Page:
When the last resolution was brought up, however, the vote ended in a tie. Beth Clark from ODOT was invited to make a presentation concerning resolution 02-17 regarding a State bicycle route through the village of Bluffton. According to Clark, ODOT is in the process of designating a bike path to link points of interest within the state of Ohio. Tours such as this one exist in other states, including Michigan and Iowa. The bike route going through Bluffton has been named U.S. Bike Route 25 and runs north and south. The main east-west bike route is named U.S. 40, going through Mansfield and Lima. In order for 25 to become a new bike route, 1200 districts must agree to the resolution that stands before the Bluffton Council now. ODOT will provide the signs for the route. All the State asks is that the village maintain these signs and contact the State when they need to be replaced. Since 103 is a straight shot through Bluffton, she anticipates maybe three signs, one at each end of town and one in between. She provided council members with a map of the possible route, as well as examples of the signs that would be used to direct cyclists to the path.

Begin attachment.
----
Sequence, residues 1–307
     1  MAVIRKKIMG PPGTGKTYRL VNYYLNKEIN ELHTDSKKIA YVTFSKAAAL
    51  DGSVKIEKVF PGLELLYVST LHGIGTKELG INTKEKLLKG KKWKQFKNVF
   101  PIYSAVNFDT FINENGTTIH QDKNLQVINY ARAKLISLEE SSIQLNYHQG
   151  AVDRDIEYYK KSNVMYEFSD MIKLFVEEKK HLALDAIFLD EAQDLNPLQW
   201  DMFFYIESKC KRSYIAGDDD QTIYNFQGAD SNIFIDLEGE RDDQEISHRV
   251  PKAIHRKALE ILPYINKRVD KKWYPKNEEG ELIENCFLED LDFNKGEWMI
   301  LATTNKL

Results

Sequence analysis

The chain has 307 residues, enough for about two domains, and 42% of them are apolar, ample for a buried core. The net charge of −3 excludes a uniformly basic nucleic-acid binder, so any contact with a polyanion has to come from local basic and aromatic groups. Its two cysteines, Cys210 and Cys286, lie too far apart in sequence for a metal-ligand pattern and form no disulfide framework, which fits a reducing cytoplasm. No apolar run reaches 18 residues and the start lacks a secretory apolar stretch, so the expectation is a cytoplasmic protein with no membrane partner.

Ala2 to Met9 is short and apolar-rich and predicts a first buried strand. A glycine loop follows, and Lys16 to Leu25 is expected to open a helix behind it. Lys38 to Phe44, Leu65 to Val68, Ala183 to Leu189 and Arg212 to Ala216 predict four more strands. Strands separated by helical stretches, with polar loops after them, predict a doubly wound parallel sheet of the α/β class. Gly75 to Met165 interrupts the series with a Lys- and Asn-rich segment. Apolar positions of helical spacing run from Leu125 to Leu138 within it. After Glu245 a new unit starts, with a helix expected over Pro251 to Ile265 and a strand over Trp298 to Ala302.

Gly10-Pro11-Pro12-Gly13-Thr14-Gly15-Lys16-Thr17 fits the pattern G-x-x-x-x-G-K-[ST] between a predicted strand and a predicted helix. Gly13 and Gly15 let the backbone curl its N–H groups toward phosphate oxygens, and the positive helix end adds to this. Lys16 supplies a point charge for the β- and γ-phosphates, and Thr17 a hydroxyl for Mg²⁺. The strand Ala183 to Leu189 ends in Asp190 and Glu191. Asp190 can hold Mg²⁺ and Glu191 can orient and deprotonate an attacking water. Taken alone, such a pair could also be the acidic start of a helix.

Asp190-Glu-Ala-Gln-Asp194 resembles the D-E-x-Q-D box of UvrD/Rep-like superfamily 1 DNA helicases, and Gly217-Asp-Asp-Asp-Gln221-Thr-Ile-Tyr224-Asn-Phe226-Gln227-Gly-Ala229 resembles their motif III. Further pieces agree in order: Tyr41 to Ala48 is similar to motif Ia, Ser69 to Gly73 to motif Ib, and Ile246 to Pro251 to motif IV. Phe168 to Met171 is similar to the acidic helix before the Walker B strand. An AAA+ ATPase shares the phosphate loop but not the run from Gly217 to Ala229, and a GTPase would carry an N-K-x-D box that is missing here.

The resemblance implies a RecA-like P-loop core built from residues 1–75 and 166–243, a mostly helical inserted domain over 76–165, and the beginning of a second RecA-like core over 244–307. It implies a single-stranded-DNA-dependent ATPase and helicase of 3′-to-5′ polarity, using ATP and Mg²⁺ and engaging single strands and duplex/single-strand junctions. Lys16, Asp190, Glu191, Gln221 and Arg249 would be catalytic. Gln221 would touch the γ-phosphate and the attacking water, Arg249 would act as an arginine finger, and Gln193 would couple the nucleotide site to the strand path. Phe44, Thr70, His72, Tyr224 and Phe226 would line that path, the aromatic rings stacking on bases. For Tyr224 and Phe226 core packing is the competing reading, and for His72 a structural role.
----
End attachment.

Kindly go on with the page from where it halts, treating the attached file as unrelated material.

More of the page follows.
Clark says, “One of the best places to stop through would be Bluffton.” She emphasized that there was no cost to the community. The bike path uses state and federal routes and is funded federally.
   Councilman Roger Warren was concerned. Given the issue of the Main/College intersection where the village lost what it believed was a crucial stoplight, his concern was “If we agree to this bicycle route, will we lose something later on?”